Sunday, August 4, 2013

Out and About: INCA after Dark cooking classes

"Out and About" is an occasional feature showcasing some of the unique, quirky and/or totally fabulous aspects of living in the fair city of Bermtopia.

I could still catch magical whiffs of garlic and sweet briny scallop on my hands as I started this blog late Thursday night. This, and an epic to-go box of risotto, were just a few of the dividends of taking the class -- "Gordon Ramsay's Pet Peeves: Why Can't Anybody Cook Scallops or Risotto?" -- through INCA after Dark, one of Bermtopia's best culinary resources available to food nuts in our fair city. I also walked away with new knife skills, a better way to roast peppers, an awesome method of dicing onion where you end up with actual dice instead of small onion asteroids, four fabulous sauces and a new appreciation for fresh succotash (hint: everything goes better with bacon).

Offered through Spokane Community College's Inland Northwest Culinary Academy (I-N-C-A. Get it?), these are hands-on cooking classes that bring you into the behind-the-scenes world of a working culinary arts program. But it's just not a class, it's an experience -- working side-by-side with new food-lovin' BFFs, culinary students, INCA faculty and area chefs in a kitchen equipped with knives that are actually sharp.

Oh. And there are snacks and wine if you are so inclined. We were.

I love scallops. And I love risotto, but I have come late to the "Hell's Kitchen" game with Gordon Ramsay, king of the kitchen f-bomb. It's just been in the last month or so, that I've caught a couple of his rather rambunctious productions, including one where bad risotto actually literally went flying into the trash accompanied by some of the more innovative versions of "f**king unacceptable" that I've ever heard.

The combination was irresistible (minus the f-bombs maybe), so I gathered a couple friends, Mesdames les Artistes, and signed up for the class. After a quick introduction by Chef Curtis, an INCA instructor, we got to right to work. MLA Molly and I were assigned to fresh succotash -- and Apprentice Heather.
It's actually more like we were the apprentices. An INCA culinary student,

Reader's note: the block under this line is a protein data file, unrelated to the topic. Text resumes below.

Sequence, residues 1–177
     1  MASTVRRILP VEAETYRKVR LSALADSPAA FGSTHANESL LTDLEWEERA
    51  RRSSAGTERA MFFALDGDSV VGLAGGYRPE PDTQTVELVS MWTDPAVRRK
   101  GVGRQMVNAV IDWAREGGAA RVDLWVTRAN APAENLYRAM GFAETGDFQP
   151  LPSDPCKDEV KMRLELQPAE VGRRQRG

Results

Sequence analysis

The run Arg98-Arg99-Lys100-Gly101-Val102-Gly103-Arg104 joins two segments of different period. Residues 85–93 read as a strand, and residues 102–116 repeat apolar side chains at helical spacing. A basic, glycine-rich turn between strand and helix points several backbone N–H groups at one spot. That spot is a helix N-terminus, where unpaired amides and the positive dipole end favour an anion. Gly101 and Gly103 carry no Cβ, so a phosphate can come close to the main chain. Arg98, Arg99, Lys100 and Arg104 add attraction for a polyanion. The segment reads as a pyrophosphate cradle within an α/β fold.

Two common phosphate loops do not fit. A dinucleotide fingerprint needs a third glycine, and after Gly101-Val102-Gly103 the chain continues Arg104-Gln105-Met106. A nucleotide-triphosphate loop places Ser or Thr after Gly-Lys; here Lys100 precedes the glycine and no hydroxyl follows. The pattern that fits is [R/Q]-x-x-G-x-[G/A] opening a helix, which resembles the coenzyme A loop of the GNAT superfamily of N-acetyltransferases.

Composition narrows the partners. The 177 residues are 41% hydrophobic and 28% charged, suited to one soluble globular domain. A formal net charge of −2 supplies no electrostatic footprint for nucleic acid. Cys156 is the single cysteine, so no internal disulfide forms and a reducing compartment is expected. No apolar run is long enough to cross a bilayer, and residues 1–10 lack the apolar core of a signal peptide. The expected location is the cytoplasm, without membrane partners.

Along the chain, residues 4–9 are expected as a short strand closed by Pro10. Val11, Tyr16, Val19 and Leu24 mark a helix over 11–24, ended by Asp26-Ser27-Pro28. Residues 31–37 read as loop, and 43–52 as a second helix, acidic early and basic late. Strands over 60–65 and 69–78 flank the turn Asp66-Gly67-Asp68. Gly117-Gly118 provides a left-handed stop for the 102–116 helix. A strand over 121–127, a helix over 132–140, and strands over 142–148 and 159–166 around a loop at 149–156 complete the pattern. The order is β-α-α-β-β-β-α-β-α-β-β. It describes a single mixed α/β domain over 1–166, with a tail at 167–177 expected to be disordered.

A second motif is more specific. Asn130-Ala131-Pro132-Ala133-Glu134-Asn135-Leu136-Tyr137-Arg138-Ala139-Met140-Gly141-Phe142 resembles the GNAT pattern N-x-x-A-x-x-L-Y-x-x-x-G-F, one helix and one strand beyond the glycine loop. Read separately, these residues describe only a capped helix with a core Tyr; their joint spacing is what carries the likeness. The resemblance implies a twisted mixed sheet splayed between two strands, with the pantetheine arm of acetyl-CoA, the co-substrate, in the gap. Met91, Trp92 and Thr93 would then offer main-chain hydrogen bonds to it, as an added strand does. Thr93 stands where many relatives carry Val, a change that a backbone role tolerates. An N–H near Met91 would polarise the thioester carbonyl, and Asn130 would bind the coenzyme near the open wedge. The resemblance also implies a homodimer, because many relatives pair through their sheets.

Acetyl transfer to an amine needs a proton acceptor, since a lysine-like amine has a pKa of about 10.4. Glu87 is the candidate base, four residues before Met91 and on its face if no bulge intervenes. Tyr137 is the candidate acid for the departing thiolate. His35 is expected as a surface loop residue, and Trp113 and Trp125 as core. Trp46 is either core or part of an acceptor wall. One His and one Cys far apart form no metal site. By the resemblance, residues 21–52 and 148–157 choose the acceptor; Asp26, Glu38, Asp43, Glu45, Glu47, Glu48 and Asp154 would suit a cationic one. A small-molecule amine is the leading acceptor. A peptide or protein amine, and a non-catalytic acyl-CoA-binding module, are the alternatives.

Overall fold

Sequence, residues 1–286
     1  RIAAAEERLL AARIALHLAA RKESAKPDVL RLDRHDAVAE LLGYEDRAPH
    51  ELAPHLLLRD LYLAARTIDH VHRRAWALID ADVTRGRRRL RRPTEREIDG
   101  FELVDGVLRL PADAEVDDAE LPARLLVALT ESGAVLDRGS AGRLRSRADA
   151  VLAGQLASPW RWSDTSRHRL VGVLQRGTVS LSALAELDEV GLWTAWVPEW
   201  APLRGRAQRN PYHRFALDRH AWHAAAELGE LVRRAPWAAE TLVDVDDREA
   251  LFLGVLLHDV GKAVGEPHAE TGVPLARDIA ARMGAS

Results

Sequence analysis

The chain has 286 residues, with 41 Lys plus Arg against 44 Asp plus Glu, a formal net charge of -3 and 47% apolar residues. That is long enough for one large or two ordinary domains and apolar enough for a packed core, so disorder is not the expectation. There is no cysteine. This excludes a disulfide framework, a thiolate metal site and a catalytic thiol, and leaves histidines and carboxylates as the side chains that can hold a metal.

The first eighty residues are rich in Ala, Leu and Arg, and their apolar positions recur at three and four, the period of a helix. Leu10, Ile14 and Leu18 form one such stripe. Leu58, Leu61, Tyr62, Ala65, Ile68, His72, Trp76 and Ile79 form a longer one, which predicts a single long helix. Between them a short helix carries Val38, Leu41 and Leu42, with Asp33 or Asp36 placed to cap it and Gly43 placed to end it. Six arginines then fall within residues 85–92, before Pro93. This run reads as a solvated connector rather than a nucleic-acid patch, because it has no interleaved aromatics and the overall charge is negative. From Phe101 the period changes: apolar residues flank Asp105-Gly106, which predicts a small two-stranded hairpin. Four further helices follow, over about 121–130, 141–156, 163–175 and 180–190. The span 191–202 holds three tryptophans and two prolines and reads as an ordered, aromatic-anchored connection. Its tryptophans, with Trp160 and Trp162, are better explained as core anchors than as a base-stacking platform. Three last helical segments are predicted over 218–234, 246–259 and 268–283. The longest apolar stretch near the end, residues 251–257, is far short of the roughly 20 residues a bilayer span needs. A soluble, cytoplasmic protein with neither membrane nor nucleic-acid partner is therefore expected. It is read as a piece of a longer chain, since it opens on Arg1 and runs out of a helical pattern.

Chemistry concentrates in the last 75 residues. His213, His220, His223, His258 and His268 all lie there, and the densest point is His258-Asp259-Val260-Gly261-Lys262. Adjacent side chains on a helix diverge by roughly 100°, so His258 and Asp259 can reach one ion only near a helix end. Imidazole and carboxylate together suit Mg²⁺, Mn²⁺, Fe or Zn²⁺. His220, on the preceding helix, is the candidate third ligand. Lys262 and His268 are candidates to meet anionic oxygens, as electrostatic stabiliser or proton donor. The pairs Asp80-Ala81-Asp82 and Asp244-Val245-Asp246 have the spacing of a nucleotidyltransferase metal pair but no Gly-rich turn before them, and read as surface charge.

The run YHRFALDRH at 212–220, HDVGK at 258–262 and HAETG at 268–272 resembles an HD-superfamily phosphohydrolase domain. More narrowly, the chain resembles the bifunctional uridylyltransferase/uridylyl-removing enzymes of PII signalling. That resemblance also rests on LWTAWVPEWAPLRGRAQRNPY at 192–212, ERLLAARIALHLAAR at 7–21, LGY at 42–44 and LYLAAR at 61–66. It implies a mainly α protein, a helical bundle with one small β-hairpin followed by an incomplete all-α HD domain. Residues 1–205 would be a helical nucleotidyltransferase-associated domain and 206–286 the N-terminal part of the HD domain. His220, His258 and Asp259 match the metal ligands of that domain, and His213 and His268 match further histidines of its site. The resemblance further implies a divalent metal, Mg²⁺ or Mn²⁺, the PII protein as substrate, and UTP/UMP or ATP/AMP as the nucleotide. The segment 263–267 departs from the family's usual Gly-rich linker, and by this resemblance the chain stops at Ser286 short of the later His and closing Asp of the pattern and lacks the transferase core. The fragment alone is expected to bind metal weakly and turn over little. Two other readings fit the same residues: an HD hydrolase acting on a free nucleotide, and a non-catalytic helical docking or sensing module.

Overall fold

Heather helped us navigate recipes, sharp kitchen utensils and a
commercial gas stove the size of the Starship Enterprise, sharing her
 knowledge of all things food along the way.
So wise for one so young.
P.S. Heather, it was so sweet of you to muffle your gasps as I
practiced my new-found knife skills.
I had my doubts about succotash. Most versions I'm familiar with involve my arch enemy, the lima bean. Hate 'em. The succotashi that I've had are cooked -- double jeopardy in my books since I also hate mushy. But edemame replaced limas on the INCA menu (brilliant!) and the only thing cooked was a roasted red pepper, which MLA Molly totally crushed (in good way), and. . .

cue the angels' chorus. . .


Boom. Succotash.
Along the way, there were many "station breaks."
I could not,  for the life of me, get a picture of Chef Curtis
that did not look like he was on stage,
channeling Pavarotti,  at the Metropolitan Opera.
Wait. Better.
A TWO-knife chopping demo with Team Gremolata.
Note you-know-who's fresh succotash in the foreground.
During these breaks, Chef Curtis offered up dozens of handy cooking and kitchen management tips that even I could digest and apply. For example, keep your knife to the side of your chopping station instead of on it to avoid accidental knicks and cuts.

I did not share that, most of the time, the most severe home knife injury I might incur is a mild bruise.

(Note to self: Sharpen knives this week. So you can be a danger to yourself.)

And then we were onto risotto and scallops -- the stars of our show.
The demonstration screen is way cool. It zooms in and out so
you can see E.V.E.R.Y.T.H.I.N.G.
It also is a safeguard,
preventing the riff raff from sticking their fingers
in a perfectly delectable pan of risotto.

But it was okay because we had own.
No. We didn't stick our riff raff-y fingers it.
Apprentice Heather trained us too well.

Perfect scallops and risotto -- before we added the sauces we made.
The deglazed sauce from the scallop pan can go into
the risotto or on top of the scallops.
It will make you happy either way.
Don't even think about it.
It's mine. All mine.
I've taken my share of cooking classes -- presentation-style and hands-on -- and INCA after Dark hits all the high notes. 

It's been said, "We learn by doing." If you have the good fortune to be a son or daughter of the fair city of Bermtopia, slide on down to INCA after Dark if you've got the hankering to cook. You'll learn volumes -- thanks to the good company and great instruction you'll find there -- and eat well to boot. You may even come home with leftovers -- and the scent of garlic and sweet scallop on your hands.


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